site. For this purpose,

other genes(C-C-A-A-T box) (Efstratiadis et al., 1980) was also found at position - 126 relative to the cap site. (c) 5’ Flanking

sequence

A flanking sequence of 870 base-pairs on the 5’ side of the gene was also determined (Fig. 3). In this region, t’here are scarcely any characteristic features frequently

of sequence organization. such as a repeated or tandemly arranged sequence

like t,hat seenin the viral enhancer element) (Benoist & Chambon, 1981: Banerji et aZ., 1981: Moreau et nl.. 1981: Gruss et al., 1981). However, unlike other regions. t,here are three A-rich sequences (at positions to -41).

-728 t,o -707, -435 t,o -414 and -62 These sequences show rnorp t,han 700,;

homology with each ot)her, and each ends with 5’ C-C-A-T-C-A-C-A 3’ or an equivalent sequence. In addition. sequences homologous to those immediat,ely

found

about

following

these

100 to

(indicated by horizontal Thus these A-rich blocks

A-rich

hlocaks

were

200 base-pairs upstream arrows in Figs 3 and 4). are located at’ the ends of

sequencesthat are flanked on eit’her side by direct repeats. These structural features imply the possible relation of these A-rich blocks to a certain type

of the repeated

sequence,

the Alu

family;

that

(a)

2oobp (b)

.

5’

3’

C c A A

G T : G :

\

x G G T C T A T 3’

1 G A T 5’

Figure 2. Location of the 5’ end of the aldolase B gene. (a) Restriction fragment used for Si nuclease protection mapping of the mRNA. A, Hh and E indicate cleavage sites of AU, HhaI and EcoRI, respectively. The strandseparated HhaI-AZuI fragment labeled at the 5’ end with 32P used for the experiment is indicated. (b) The St-resistant DNA fragment (Sl) was subjected to electrophoresis on a 10% (w/v) polyacrylamide sequencing gel. Amounts of S, nuclease used (units/ml) are shown above lanes. A DNA sequencing ladder prepared from the same fragment was used as a size marker. From left to right: G, A > C, T+C and C degradation products prepared by the method of Maxam & Gilbert (1977). Arrows indicate the bands of fragments protected against S1 nuclease treatment. bp. base-pairs.

Rat Aldolase B Isozyme Gene -800

CcTTcA~~CCGcmTCpdmcATA~~~T~T~C--------------

( 1.1Kb Asn

Gly

-----------AcAGI64GUiTTAmclTTcGTGTGTcrcc~T Pro

Ile

Val

Glu

Pro

Glu

Val

CCIAl-F

Gil GAG CC3 w\GGll

Tyr

Ser

Val

TAT msrr

al

Leu

Ala

Val

Leu

Pro

Cll

CCT G4T G!Y GN CAT G4C CTAGAG CAC TGCCAG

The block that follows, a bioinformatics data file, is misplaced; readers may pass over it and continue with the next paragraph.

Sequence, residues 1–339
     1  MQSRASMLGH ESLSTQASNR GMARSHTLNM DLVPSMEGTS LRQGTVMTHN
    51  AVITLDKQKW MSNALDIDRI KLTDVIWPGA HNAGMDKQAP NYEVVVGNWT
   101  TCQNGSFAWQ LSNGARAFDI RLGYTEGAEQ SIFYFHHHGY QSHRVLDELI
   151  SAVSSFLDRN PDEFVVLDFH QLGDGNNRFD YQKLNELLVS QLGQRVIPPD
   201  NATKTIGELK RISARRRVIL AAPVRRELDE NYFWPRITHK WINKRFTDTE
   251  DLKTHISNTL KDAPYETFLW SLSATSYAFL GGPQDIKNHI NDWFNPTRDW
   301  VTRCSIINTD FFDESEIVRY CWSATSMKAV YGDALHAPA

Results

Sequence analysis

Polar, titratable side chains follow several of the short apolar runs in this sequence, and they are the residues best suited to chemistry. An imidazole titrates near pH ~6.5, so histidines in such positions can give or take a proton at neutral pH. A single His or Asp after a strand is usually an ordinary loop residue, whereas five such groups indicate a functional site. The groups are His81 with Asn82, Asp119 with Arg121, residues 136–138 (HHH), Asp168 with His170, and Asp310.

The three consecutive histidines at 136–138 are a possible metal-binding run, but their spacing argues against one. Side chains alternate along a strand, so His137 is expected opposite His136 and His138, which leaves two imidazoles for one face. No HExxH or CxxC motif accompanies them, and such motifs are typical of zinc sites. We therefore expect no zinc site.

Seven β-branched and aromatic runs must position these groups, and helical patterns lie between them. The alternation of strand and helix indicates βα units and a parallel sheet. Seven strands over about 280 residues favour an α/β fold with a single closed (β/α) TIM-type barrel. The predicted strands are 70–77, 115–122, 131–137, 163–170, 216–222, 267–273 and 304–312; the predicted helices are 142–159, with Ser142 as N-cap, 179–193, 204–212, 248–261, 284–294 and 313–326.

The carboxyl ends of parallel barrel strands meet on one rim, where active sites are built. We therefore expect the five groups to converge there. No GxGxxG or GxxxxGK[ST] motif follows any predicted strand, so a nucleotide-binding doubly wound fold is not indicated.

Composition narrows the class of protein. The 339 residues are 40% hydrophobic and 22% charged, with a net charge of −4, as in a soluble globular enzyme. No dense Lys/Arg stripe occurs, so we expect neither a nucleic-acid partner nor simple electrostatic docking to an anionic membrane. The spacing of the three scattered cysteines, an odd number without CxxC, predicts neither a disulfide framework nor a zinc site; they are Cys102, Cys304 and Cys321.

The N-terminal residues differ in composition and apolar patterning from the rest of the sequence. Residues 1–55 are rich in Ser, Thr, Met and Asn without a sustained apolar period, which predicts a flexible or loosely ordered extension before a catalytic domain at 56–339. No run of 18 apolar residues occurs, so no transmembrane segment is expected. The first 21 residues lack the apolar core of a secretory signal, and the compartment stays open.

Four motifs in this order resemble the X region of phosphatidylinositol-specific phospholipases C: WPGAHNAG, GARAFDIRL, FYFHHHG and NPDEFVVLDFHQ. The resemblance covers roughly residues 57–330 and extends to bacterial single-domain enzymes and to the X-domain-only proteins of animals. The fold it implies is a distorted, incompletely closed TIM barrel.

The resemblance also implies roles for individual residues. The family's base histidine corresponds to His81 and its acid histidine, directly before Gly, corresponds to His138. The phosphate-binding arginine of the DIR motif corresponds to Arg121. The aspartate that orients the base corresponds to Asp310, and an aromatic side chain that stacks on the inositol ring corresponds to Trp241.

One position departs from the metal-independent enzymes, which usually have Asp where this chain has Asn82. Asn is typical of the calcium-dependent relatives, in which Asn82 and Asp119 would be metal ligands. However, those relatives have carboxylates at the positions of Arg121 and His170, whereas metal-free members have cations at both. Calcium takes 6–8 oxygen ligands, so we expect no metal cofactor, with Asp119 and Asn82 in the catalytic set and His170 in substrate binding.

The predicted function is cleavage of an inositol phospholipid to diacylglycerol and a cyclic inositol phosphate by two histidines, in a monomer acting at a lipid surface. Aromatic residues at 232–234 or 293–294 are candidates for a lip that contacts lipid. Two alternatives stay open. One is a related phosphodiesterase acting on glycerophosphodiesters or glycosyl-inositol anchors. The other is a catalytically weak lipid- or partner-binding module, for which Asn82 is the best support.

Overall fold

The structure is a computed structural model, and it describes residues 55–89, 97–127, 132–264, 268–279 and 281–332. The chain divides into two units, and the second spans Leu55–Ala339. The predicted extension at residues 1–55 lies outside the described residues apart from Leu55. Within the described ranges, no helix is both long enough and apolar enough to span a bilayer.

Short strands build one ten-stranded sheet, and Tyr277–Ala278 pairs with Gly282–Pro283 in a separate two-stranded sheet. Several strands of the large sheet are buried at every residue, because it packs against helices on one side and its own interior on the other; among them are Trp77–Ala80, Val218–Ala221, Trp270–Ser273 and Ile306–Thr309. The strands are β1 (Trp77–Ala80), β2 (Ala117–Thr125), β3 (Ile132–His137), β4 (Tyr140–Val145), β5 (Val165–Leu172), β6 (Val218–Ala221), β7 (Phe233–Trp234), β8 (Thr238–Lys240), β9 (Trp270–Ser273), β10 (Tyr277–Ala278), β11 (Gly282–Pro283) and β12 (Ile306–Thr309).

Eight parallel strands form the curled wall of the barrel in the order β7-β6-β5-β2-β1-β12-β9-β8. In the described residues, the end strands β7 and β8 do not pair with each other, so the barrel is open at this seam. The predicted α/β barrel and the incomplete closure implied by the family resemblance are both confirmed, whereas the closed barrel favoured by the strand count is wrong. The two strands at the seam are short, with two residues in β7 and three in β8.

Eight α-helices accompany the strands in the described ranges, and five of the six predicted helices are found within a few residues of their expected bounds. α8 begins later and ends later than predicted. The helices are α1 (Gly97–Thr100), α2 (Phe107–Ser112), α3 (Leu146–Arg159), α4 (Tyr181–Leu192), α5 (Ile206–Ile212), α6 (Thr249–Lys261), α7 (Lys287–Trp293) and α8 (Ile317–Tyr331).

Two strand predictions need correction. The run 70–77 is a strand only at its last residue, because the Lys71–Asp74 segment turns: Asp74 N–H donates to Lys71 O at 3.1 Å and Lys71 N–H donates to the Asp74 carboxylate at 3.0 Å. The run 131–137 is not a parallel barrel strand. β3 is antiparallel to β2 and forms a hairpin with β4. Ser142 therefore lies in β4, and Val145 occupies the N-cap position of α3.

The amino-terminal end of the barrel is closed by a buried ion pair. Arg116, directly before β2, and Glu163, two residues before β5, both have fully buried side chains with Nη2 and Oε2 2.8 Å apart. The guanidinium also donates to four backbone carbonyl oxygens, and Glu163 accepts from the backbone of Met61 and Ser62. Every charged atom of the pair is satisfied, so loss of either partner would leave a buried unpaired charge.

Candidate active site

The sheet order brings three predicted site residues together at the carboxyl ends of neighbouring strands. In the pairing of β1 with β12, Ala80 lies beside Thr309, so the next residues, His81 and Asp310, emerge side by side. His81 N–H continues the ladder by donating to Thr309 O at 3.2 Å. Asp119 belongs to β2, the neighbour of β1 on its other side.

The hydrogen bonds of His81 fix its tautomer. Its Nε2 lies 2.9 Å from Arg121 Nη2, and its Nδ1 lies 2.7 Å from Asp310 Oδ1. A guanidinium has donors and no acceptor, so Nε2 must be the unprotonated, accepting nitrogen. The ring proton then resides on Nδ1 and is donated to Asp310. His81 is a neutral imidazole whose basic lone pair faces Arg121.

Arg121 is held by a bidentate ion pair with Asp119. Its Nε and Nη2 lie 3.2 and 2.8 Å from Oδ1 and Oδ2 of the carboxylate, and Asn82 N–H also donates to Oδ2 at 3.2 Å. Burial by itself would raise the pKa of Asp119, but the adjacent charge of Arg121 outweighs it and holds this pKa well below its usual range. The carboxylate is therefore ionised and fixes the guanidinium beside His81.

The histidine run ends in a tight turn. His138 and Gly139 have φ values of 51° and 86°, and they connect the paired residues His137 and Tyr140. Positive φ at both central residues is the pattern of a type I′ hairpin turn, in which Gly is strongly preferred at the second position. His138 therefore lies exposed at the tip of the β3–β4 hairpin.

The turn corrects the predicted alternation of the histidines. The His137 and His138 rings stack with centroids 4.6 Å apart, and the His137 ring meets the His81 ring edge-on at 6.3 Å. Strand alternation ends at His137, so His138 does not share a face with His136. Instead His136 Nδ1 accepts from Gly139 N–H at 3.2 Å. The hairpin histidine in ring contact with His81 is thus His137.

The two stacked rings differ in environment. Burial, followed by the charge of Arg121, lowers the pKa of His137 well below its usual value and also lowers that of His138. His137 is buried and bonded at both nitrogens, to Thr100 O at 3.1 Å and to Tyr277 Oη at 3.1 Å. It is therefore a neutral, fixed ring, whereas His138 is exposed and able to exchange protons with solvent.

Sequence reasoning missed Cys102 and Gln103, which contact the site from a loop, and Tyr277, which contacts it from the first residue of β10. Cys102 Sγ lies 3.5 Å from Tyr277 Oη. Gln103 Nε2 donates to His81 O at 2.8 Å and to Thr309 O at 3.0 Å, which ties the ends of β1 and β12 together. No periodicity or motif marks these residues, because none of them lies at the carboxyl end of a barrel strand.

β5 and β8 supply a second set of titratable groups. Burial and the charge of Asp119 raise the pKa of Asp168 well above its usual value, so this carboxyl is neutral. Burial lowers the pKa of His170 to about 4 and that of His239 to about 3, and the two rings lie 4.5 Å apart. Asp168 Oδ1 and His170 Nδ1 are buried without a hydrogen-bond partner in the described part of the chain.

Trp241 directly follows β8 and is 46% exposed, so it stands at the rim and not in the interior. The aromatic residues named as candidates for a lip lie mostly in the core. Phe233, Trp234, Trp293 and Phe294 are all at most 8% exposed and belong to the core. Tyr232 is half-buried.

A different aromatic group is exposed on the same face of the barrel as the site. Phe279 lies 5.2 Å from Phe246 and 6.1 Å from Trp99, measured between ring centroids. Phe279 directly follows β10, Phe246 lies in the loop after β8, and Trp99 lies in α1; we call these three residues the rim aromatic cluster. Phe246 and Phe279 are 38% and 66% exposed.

Asp

Gly

Asp

His

Asp

Leu

Glu

His

Cys

Gln

INTRON 6

Glu

Lys

MG ~TAc~G~CTC~AGTT~T~C~TCTT

Val

Leu

GGG CTG GTA

w

Ala

)

Tyr

Lys

Ala

Leu

Am

Asp

His

His

Val

Tyr

Leu

Glu

Gly

Tyr

TC TTG G!IT GCTGTC TACAPI; GCT CTCAAT G4T CAT CAT GTTTAC CTT GAG OXACC Leu

Leu

Lys

Pro

Asn

Met

Val

Tyr

Ala

Gly

His

Ala

Cys

Tyr

Lys

Lys

Tyr

Thr

Pro

CTG CTA AA(; CC4MC

ATG GTGACT @IT G!i4 CAT RX TGC ACC PA6 A4G TAC AC.4 CCT

Glu

Ala

Gln

Va‘

Ala

Met

Thr

Val

Thr

Ala

Leu

tlls

Arg

Thr

Val

Pro

Ala

Ala

Val

GAG CAAGTG GCTATG GCC ACC GTCACG GCT CTC C4C AGAACT GlT CCl GCA GCTGTG

7

INIXON

EE ~IGTAATGccrrccrrcrccccAGCrrA~~mmTCCrru\cA~ T&-$JKf-J,-jTTT&!$CC _--_ ---_--_-_-

(0.4,(b)

----------------cTG-A~CcT er

Ile

ArrcCrrmmCcA4AG~~,GU;CTAATATCATGCCTCTCTC ly

Gly

Met

Ser

Glu

Glu

Asp

Ala

Thr

Ser

Cys

Phe

Leu

Ser

G

ATC TGC lTT TTG TCT G

Asn

Leu

Asn

Ala

Ile

Tyr

Arg

Cys

Pro

GA ffiC ATGAGT GAG GAG GATGCT AUI CTTAAC CTC &IT GCTATC TAC CGTTGC CCT

1

Met

Ala

His

CTTGTATlTTRrGTTTGillGmC;mTmAGACL7FTCATC~GCT eu

Thr

Ser

Glu

Gin

Lys

Lys

Glu

Leu

Ser

Glu

Arg

Phe

Pro

Ala

L

CAC CGA TTT CCA GCC C

Ile

Ala

Gln

Arg

Ile

Val

Ala

Asn

G

TC ACC TCA G.4G CAG A4G A4G G% CTC TCC FAG ATT GCG CAG CGC ATT GTT GCC MT G ly

Lys

Gly

Ile

Leu

Ala

Ala

Asp

Glu

Se-r

Val

Pro

Arg

Pro

Trp

Lys

Leu

Ser

Phe

Ser

Tyr

Gly

Arg

Ala

Leu

Gln

Ala

Ser

Ala

CTA CCTAGG CCC TGGA4A CTAAGCTTTTCATAC

GGCAE4 GCC CTC CAG GCC AGT GC4

Leu

Lys

Ala

Ala

Trp

Gly

Gly

Lys

Ala

Ala

Asn

Lys

Ala

Thr

Gln

Glu

Ala

Phe

Met

TI'G GCT GCTTGG GGC GGC MG GCT GCAMC !UGL'AG GCAACC CAG GM GCT TTC ATG

2

INTRON

G

Leu

CG MG GGT ATC TTG GCT WI G4T GAGTCT GTG Ghi%%f&WGTCATGCCAUCAA& CACACCGn;CTTGU\CCTTCC1IW\I\GGCAGTTAGACA4 Ala

Asn

TCTTCTCITAUXi%%dGCC hr

Gly

Ser

Ser

Gly

Ala

Cys

Gin

Ala

Ala

Gin

Gly

Gln

Tyr

Val

His

T

MC TGT CAG GCAGCC CMGFGA CAGTAT GTI C4C A Ala

Ser

Thr

Gln

Ser

Leu

Phe

Thr

Ala

Ser

Tyr

Thr

Tyr

CG GGC TCG TCA GGC Gcr GCT TCC ACG LAG TC.4 CTC TTC AC.4 GCC TCC TAC ACC TAC ly

Thr

Met

Gly

1CLTAG G!I ACCATG n Arg

Arg

Gln

Asn

Arg

Leu

Gln

Arg

lie

Lys

Val

Glu

Asn

Thr

GE4AAC CR CTA CAC AGG ATAMG GTG G44MC

Phe

Arg

Glu

Leu

Leu

Phe

Ser

Val

Asp

Asn

Ser

Glu

Ile

Ser

Gln

C CGAAGG CAG TTC CGACUG CTC CTC TITAGTGTG GACPATTCTATCAGC le

Gly

Gly

Val

lle

Leu

Phe

His

Glu

Thr

Leu

Thr

Gin

Lys

Glu

As

ACT WGAGA4

Asp

SW

Ser

I

CAG AGC A Gin

Gly

Lys

TC GGC C&A GTGATC CTT TTC CAT CAG AC( CTC TAG CAG PA6 GAT AGC CA6 CXi4 PAG Leu

Phe

Arg

Asn

lie

Leu

Lys

Glu

Lys

Gly

lie

Val

Val

Gly

Ile

Lys

CTGTTCAGA MC ATT CTC A4G GAG A4G CG4 ATT GTG GTG C&C ATCMG INTRON

TINT&-----

(W8kb)

--~------------W\ATTCCGTCTCACTCCTGCTTG69CCCTTG e"

TCAAC~GllC4TTG~~

Asp

Gln

Gly

Gly

Ala

kTGGAC CMGG4GGT

Pro

ly

Gln

Tyr

Arg

lie

Ser

Asp

Lys

Gin

Ser

Asp

&l'[email protected]

--__--__--__-

Leu

Lys

Cys

Asp

Gly

Leu

Ser

Gl

CTT &AC GGC 'JC TCC GA Asp

Gly

A EL TGTGCT CAGTACPAG AAAG'X eu

Gly

GCCCCACAG4C

TGWAG!XX~CCCCCTCCCTT~m~& Ala

Ala

( 7.4 kb)

lllGTXG%TATTCilPA~CT~CT~

Cys

Leu

G&C CCGCTTGCAGGAACAMC

G $ ;;; $-- A; $ ~[,~:~“““”

" Arq

(GTGFr4TAcTc

3

Pro

Val

Asp

Phe

I33 GTC G4Cm

Ser

Ser